Arnold said that in the seventh century, Catholicism came into competition with the Celtic culture. Instead of denouncing the Samhain, Pope Boniface IV overlayed Christian ideas by declaring Nov. 1 All Saint’s Day to celebrate saints and martyrs. As a result, Pagan elements of Samhain turned into a mockery.
“[The Catholic Church] still [has] these Pagan ideas and Pagan rituals,” Arnold said. “So what’s the best way to defeat ideas that you don’t agree with? You don’t say they’re bad. They’re not bad. They’re not horrible. They’re not banished. You make fun of them.”
After hundreds of years, those Pagan concepts of spirits and magic are widely presented as pure fiction in American popular culture. Both ideas are heavily commercialized as a means of entertainment, especially during October.
However, Arnold said through his studies he has developed a stronger appreciation for diverse belief systems and a greater understanding of how traditions like Halloween change over time.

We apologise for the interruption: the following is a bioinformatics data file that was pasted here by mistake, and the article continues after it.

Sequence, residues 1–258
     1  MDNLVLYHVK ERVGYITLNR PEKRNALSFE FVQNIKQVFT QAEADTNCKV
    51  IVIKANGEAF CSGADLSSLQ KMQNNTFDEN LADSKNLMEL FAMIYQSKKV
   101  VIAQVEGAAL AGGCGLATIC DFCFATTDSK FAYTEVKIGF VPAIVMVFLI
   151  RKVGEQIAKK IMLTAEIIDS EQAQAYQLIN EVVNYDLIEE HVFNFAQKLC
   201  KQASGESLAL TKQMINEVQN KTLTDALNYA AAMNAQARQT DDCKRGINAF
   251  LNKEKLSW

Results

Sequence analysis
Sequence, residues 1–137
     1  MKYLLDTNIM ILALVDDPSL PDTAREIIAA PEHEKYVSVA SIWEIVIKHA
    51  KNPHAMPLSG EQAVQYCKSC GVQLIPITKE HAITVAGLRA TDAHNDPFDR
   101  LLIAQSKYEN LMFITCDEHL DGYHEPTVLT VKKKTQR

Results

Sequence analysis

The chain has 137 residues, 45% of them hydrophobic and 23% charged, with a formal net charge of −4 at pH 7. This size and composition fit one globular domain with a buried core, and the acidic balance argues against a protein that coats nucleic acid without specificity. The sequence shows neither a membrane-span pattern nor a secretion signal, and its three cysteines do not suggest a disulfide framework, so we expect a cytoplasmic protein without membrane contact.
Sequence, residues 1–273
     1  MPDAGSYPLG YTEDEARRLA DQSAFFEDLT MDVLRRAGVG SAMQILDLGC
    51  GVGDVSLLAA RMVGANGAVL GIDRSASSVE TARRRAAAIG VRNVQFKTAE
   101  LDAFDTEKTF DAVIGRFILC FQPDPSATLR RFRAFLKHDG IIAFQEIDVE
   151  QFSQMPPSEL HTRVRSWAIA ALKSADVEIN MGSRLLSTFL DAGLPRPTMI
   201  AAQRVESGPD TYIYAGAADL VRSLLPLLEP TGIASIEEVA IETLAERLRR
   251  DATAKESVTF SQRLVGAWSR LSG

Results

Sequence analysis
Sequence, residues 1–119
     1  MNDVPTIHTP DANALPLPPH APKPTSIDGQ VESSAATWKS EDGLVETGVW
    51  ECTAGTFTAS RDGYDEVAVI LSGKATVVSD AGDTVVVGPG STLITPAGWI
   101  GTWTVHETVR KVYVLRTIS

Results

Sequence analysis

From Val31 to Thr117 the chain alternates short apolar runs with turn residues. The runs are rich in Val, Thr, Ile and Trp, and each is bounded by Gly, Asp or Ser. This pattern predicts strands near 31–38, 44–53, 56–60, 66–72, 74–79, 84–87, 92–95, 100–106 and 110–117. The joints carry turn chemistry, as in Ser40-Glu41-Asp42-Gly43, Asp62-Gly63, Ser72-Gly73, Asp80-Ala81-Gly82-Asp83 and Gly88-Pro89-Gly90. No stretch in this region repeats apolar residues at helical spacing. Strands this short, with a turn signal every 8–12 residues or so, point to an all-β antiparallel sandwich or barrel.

“I find it very beautiful and very moving to celebrate the spirit of your ancestors,” Arnold said. “Now, I can’t get into what people think is real and what people believe is metaphor because I think, for people in general, sometimes those lines get blurred. And I think it’s very beautiful that they get blurred.”
The Department of Anthropology is just one of several divisions of the College of Arts and Sciences that encourages students to explore the concepts of magic and ritual. Giuliana LaMarca, a junior majoring in history, chose to examine witchcraft in early modern Europe for her undergraduate research seminar.